The History of Stage Lighting
The theatre has been in existence for many centuries. The earliest known theatres were in ancient Greece. George Baker said that the drama is the shortest distance between emotion and emotion. The stage lighting in ancient and modern theatres were dramatically different, but still added a great deal to the emotion expressed in plays.
The earliest theatre dates back to the second century. In those days, they performed at all hours of the day. Most of the plays’ titles resembled the time of day that they were preformed. Greek theatres were usually built with the audience seated on the east, facing west, and the stage facing east. “This seating arrangement was designed so that spectators were not blinded by the morning sun. For tragedies performed in the late afternoon, the sunset provided a special effect, backlighting the actors and throwing long shadows across the stage, creating an impressive atmosphere of grandeur. Thus any lighting in Greek theatre had more to do with the spatial arrangement (or simply “the design”) of the theatres than anything else, and Greek dramatists for the most part wrote their plays taking into account the fact that they were acted in broad daylight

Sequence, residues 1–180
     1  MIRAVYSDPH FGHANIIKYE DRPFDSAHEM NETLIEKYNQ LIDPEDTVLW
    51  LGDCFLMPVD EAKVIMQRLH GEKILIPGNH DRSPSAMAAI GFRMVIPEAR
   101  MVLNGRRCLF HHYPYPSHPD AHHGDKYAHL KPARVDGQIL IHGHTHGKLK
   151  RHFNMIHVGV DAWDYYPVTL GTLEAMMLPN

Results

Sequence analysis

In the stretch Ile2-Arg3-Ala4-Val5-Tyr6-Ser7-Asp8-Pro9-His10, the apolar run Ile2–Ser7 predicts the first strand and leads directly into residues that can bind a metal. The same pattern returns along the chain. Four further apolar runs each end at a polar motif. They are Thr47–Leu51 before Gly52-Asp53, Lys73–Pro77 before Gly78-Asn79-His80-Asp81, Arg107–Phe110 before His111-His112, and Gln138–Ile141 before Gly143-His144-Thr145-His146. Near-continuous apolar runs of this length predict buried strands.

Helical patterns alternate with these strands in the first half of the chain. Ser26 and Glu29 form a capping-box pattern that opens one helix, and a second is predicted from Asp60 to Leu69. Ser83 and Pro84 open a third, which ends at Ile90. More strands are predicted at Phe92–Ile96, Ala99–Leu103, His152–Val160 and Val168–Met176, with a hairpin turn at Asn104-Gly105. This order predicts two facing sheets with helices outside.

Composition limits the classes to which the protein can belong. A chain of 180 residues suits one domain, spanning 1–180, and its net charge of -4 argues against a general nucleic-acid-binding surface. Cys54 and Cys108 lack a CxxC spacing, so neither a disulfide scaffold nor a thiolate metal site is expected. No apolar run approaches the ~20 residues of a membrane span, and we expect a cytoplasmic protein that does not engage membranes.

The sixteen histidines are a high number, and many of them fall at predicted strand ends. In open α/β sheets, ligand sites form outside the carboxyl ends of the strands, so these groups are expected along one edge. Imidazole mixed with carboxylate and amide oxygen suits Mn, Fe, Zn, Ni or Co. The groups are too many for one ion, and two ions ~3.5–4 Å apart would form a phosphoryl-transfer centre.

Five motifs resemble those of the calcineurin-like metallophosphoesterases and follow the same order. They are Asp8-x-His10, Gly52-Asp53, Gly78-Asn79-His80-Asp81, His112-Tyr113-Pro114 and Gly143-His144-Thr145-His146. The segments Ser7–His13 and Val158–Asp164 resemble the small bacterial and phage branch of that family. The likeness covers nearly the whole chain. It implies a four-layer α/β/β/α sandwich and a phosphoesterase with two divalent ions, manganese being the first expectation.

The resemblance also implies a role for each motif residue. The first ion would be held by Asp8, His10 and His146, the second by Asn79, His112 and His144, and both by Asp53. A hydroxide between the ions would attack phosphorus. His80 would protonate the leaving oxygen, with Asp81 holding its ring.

During the Italian Renaissance, the theatre started moving indoors. The first permanent theatre was in Teatro Olimpico and was designed by Andrea Palladio (he was a famous Italian architect). This indoor theatre was built between 1580 and 1584. During the beginning of the Renaissance in Italy, there were four types of artificial lighting. The first were candles, then oil burning lamps, after that gas lights, then finally there were electric.
The first major light source was the candle. This was an okay source, but the light was not steady enough because it flickered too much. There were large chandeliers hung in the auditorium as well as above the stage. On the six chandeliers that were above the stage, there were twelve candles...